There are no clear paths, nobody really to model our journey on--it's uncharted territory because it is uncharted. It's his life and it's being steered not just by him but by me, his father, and to a large degree, as we work to create a rhythm and order for the kids that will last them their lifetimes, his sisters. We're all in this together and we are working hard to make all three of our children competent in managing their lives. It's not an easy task when so much does not come from social learning. Everything has to be explicitly taught in concrete terms and clear, reasonable explanations are required. We want them to be critical thinkers, skeptical of people whose promises come too easily. We want them to be there for each other, to function as a triad, so part of what we are doing is working to fade out our assistance, to become equal partners with them as they grow rather than autocrats who hand down orders from on high.

I'm making a very long term bet here, and I won't have any way of knowing if it pays off because the real test of their functionality will come after I am gone.

Maybe we'll all succeed beyond our wildest dreams and we'll find out much sooner if they choose to live independently and separately with families of their own.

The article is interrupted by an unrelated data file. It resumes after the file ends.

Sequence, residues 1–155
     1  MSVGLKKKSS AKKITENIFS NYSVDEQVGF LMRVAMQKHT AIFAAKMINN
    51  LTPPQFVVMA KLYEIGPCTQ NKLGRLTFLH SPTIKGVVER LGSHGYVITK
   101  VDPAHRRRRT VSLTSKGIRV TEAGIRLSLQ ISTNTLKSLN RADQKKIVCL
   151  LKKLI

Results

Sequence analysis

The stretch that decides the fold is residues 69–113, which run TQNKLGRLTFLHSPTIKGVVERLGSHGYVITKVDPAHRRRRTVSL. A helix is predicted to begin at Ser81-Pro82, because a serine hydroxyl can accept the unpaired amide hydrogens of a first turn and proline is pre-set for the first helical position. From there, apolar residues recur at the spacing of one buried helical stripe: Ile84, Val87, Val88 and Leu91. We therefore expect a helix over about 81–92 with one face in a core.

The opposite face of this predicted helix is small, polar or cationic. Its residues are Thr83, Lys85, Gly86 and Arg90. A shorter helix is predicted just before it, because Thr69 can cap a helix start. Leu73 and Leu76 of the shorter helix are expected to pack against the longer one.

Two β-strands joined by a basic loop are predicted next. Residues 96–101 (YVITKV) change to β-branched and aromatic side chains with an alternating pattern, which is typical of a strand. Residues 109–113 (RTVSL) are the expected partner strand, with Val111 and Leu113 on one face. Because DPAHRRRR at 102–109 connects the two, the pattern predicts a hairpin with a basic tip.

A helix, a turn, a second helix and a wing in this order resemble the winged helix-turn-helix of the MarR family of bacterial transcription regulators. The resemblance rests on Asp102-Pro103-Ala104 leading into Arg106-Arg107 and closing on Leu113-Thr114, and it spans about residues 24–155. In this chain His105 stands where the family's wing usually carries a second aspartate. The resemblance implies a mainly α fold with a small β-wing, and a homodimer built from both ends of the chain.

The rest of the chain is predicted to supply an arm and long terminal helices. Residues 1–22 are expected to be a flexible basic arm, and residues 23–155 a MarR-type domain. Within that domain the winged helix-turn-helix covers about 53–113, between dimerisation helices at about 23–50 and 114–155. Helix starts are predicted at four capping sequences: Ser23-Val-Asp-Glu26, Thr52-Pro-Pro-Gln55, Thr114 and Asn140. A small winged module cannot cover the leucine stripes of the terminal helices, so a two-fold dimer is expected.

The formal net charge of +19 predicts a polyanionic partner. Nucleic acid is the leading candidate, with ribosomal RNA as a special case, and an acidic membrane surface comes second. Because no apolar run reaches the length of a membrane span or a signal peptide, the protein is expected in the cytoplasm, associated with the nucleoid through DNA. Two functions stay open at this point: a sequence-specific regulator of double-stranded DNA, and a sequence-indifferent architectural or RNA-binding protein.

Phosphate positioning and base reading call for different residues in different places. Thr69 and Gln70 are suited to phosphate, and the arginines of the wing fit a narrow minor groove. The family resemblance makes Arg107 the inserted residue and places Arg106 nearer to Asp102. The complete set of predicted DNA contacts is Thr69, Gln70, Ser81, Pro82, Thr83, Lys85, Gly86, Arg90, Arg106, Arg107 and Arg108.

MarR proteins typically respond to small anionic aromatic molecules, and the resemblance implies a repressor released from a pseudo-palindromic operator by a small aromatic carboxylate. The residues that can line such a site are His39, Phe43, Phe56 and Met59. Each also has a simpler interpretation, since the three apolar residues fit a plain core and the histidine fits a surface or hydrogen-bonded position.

So part of our work on establishing rhythm and order involves programming dischord and chaos--unexpected change and how to react rather than freeze.

Maybe, just maybe, I'm covering all the bases, but that's the whole thing with unexpected change--there's no way to know for sure. Since there's not, a lot of attention is being paid to teaching them to be true to themselves. If we can just do that, I have faith that the rest will all fall in line.


Hollyhocks and Roses Aplenty, But Words Are Few

I'm impressed despite drought and benign neglect,
to see that nature and past nurture
win out. 

Enough to make me 
take the time to
linger in the garden,
photograph the profusion 
of glorious reds, pinks, and yellows.

Enough to think
perhaps some 
water is in order.

Something so determined 
to thrive despite hostile environs
deserves at least some equally benign
attempts at assistance.